2008 Political Campaigns

Veiled political groups shape Senate races

Mudslingers revving up for 2010

By Chris Bragg
THE COLORADO STATESMAN

Most Colorado Republicans admit it will be virtually impossible to pick up the three seats needed to take control of the Colorado Senate in 2008. The Republican goal, by most accounts, is to win back those seats by 2010 — just in time for the next round of redistricting.

But both the Republicans and the Democrats — who hope to keep their current five-seat advantage in the Senate — have begun laying the groundwork for 2010’s redistricting in 2008.

Musgrave in uphill fight to keep CD 4

By Chris Bragg
THE COLORADO STATESMAN

In a campaign that’s had more than its fair share of inflammatory rhetoric, there’s apparently one word neither candidate in the 4th Congressional District is willing to use.

During the first CD 4 debate Oct. 8, moderator Adam Schrager asked Democrat Betsy Markey and Republican Congresswoman Marilyn Musgrave if either one thinks her opponent is corrupt.

“No,” Markey said. “No, I don’t think my opponent is corrupt. But I do think the record speaks for itself.”

Jeffco school issue campaign counters ballot-book ‘satire’

By Jon Lloyd
SPECIAL TO THE COLORADO STATESMAN

On Saturday, Mary Tedford and hundreds of other volunteers will be walking door to door in Jefferson County, asking neighbors to approve two Jefferson County Schools ballot issues.

Did election pressure cause candidates to bail on bailout?

Udall and Schaffer debate on leadership

By Chris Bragg
THE COLORADO STATESMAN

Democratic Rep. Mark Udall voted twice against the financial rescue package that finally passed Congress Oct. 3. His opponent in the race for the U.S. Senate, Republican former congressman Bob Schaffer, says he probably would have voted against the bill, too.

Amendment 48

Opposition galvanizes Democrats, Republicans

By Leslie Jorgensen
THE COLORADO STATESMAN

DENVER — Governor Bill Ritter joined growing bi-partisan opposition to Amendment 48 that seeks to redefine a person from the moment of birth to the instant of egg fertilization. The amendment would grant protections under the state constitution to the unborn, but would also trigger an expensive landslide of legal entanglements.

Jabs sheds camouflage, shows right-to-work stripes

By Chris Bragg
THE COLORADO STATESMAN

In his autobiography, An American Tiger, Jake Jabs writes that he briefly explored a bid for the U.S. Senate in 1985, only to decide against it.

In retrospect, wrote the iconic owner of American Furniture Warehouse, he probably wasn’t cut out for the job.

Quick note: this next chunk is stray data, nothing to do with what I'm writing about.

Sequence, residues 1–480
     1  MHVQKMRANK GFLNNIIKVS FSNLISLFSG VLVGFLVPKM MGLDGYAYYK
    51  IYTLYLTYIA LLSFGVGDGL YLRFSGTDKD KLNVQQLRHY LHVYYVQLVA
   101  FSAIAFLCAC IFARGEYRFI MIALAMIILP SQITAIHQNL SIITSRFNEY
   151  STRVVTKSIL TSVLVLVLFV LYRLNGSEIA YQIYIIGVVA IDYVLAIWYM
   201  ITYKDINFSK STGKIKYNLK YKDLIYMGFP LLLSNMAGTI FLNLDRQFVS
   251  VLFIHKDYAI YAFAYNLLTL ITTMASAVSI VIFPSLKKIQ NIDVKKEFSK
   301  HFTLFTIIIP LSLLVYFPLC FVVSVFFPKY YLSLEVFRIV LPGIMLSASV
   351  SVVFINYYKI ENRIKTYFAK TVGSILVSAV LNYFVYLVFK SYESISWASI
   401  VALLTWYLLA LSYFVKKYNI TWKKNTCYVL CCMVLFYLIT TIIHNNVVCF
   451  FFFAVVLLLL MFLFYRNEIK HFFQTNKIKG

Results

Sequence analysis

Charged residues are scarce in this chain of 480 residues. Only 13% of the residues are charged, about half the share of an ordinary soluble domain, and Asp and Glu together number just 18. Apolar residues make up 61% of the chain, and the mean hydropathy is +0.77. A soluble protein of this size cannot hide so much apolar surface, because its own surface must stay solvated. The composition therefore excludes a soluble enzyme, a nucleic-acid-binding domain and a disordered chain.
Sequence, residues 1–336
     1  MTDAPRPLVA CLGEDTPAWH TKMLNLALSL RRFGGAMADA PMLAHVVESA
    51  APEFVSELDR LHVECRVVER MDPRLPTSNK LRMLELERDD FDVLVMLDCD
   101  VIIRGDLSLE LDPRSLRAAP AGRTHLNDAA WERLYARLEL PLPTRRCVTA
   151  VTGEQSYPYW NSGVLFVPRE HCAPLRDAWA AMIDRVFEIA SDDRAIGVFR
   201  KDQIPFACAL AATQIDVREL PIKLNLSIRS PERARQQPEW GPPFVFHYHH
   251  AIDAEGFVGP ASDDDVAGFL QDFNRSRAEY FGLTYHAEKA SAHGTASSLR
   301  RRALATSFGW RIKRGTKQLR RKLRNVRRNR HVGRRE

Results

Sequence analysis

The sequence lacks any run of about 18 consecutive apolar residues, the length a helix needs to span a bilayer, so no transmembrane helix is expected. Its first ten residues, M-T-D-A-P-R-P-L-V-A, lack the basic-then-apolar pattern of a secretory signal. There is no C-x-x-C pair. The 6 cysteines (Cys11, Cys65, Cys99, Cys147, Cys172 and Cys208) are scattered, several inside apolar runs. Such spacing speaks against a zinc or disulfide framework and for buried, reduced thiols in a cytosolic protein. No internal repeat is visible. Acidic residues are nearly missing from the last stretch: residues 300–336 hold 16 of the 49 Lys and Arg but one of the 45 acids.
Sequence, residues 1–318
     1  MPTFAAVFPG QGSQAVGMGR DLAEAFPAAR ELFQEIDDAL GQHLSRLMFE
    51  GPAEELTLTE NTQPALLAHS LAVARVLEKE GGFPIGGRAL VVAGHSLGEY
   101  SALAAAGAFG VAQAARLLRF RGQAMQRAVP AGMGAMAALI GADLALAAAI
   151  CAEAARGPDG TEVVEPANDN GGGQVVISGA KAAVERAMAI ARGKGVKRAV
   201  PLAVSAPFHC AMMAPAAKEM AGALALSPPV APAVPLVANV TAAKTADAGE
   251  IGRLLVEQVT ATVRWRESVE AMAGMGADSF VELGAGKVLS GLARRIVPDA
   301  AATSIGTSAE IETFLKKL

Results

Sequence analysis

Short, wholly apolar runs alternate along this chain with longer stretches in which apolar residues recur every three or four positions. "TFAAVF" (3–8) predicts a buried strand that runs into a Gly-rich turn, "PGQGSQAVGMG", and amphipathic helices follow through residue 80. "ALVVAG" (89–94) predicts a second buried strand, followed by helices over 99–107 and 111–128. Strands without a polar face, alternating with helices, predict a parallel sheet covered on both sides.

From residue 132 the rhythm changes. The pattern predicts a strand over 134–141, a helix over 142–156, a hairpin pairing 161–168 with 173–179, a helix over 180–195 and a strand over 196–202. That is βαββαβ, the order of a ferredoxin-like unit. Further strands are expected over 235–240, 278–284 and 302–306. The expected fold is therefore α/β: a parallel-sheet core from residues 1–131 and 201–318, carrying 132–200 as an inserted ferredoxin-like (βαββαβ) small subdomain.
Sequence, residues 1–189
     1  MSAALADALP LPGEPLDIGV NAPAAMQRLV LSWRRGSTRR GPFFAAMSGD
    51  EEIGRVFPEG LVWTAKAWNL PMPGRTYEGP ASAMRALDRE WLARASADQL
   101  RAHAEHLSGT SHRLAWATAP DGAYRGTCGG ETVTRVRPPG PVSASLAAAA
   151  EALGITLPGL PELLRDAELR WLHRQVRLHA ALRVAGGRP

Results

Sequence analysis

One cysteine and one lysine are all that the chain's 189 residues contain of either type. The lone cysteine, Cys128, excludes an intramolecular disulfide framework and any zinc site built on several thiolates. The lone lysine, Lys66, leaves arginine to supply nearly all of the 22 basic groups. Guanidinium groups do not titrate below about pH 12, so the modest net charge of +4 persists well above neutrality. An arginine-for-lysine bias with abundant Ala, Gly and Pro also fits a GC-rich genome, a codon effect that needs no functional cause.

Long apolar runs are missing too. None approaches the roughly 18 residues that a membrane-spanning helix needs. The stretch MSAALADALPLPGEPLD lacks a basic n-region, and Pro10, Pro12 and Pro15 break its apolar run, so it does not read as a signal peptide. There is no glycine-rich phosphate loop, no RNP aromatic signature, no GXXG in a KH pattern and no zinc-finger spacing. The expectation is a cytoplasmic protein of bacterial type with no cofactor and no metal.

“Those who know me understand I’m very outspoken,” Jabs said. “I would not have the stomach nor the patience for politics. I’ve called my own shots since I was 24, and you can’t do that in politics.”

‘Poison pill’ measures pulled from ballot

Businesses pledge $3 million to fight 'right to work'

By Chris Bragg
THE COLORADO STATESMAN

Colorado labor and business leaders announced a deal Thursday morning to remove four pro-labor ballot initiatives that some feared would cripple the state’s economy.

In exchange, a coalition of businesses will provide $3 million to fight the so-called “right to work” ballot initiative and two others that are backed by some members of the business community, but which other members say would upset Colorado’s delicate balance between labor and business interests.

Pro-life mailer irks pro-choice Republicans

By Leslie Jorgensen
THE COLORADO STATESMAN

COLORADO SPRINGS — A heavyweight brochure with a photo of a woman cuddling a sleeping baby recently arrived in the mailboxes of thousands of registered Republican voters. Its “vote pro-life” message hit some recipients like a ton of bricks.

‘Meet the Press’ airs debate interruptus

By Leslie Jorgensen
THE COLORADO STATESMAN

It’s “one of the hottest U.S. Senate races” in the nation, according to Meet the Press, and U.S. Rep. Mark Udall and former U.S. Rep. Bob Schaffer didn’t disappoint any viewers who were looking for fireworks.

From the second host Tom Brokaw eloquently welcomed the duo and called Schaffer, “Congressman” because it is “appropriate protocol,” the gloves were off — and so were any rules of engagement.

HD 56 debate pits bold Hasan against diligent Scanlan

By Chris Bragg
THE COLORADO STATESMAN

The work of Colorado legislators often involves incremental changes — tinkering around the edges to achieve what can be achieved, without raising taxes. The Legislature, after all, cannot raise taxes in Colorado without a public vote.